and brightens the leaf. Now lift wet color with a soft, mostly dry brush
in order to regain the whites. As colors stack and the painting develops, return to areas and lift pigment.
This allows altering of glazes, changing of values, and the creation of
the desired textures and patterns. The surface of the Aquabord
permits the careful lifting of layers of pigment value and hues to those
colors below, bringing out sparkling underpainting for emphasis and contrast.
Several tools can be used on Aquabord for lifting. A traditional
round or flat nylon watercolor brush can be used. The nylon brush offers
more resistance against the surface than a mixed bristle brush or a natural
bristle brush. When more lift is required, a hog bristle acrylic may be
used. Allowing the board to dry between each removal of color will offer
a clear, more controlled lifting. You can also use tools such as sgraffito
knives to cut into the surface and create sharp highlights such as on
the edge of a petal.
When the painting is complete and totally dry, seal the finished artwork with several layers of Krylon® UV Archival varnish or other final spray. Even though the pigments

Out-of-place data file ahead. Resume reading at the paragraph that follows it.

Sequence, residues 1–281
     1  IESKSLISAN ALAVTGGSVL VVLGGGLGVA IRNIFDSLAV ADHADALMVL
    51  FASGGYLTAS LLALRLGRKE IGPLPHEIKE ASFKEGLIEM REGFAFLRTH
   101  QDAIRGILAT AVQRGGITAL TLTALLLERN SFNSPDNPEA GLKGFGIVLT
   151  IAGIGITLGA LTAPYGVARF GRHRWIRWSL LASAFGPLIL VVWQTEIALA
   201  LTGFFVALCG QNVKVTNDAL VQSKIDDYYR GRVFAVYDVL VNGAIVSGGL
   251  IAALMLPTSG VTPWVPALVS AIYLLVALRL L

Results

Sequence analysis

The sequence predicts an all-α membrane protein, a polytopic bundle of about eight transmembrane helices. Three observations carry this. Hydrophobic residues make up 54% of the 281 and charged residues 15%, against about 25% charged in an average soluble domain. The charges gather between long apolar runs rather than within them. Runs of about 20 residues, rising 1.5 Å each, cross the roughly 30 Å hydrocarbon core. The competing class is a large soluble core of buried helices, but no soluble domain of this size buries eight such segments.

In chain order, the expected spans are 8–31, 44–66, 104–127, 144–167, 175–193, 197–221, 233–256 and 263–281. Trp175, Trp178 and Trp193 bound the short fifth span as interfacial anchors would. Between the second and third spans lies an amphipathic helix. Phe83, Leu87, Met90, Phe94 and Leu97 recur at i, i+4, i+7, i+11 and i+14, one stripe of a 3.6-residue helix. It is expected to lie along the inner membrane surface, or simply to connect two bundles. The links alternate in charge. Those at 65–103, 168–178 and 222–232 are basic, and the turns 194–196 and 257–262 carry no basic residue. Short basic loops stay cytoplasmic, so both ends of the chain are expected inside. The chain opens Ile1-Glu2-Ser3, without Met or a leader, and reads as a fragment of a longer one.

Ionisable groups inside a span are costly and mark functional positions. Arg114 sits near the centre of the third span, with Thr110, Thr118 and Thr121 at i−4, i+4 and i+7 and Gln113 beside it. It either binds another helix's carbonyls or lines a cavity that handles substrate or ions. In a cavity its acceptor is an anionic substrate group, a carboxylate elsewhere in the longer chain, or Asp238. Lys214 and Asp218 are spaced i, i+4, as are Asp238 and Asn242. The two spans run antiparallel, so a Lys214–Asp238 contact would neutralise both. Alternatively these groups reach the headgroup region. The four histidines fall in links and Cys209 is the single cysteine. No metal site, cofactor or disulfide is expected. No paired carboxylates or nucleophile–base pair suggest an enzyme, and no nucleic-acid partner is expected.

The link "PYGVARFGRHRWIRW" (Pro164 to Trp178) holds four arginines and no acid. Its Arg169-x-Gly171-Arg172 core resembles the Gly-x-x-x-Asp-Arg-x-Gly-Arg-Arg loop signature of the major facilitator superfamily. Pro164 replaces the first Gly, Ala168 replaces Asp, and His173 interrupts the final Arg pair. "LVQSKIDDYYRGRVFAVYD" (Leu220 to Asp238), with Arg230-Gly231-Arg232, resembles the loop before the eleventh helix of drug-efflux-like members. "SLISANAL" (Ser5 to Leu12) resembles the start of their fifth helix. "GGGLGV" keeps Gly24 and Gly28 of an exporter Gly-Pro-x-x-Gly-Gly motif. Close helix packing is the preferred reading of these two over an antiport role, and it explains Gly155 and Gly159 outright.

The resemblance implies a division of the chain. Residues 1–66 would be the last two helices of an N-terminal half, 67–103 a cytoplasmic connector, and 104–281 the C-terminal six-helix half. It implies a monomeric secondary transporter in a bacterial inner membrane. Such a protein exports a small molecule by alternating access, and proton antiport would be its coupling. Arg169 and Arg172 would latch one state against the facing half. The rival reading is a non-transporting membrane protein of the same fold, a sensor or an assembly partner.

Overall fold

used may carry the highest permanency ratings, all artwork should be protected
against the damaging effect of light and the pollutants in the atmosphere.
First, spray the painting with two to three layers of varnish in order
to seal the pigment and prevent it from moving. This is enough to protect
the painting. However, for a more even finish, brush two to four layers
of Golden Acrylic UV Filtering varnish on top of the sprayed varnish.
This varnish come in a matte, satin or gloss finish and can be used according
to individual preference.
The complete artwork
is framed much like a canvas might be without glass! I use silk liners
on my paintings. I find the silk is more compatible with my style with
a texture suited to water color. The liner provides the visual space around
the painting much like that of a matted watercolor. Have fun experimenting.
For more information call (800) 822-1939.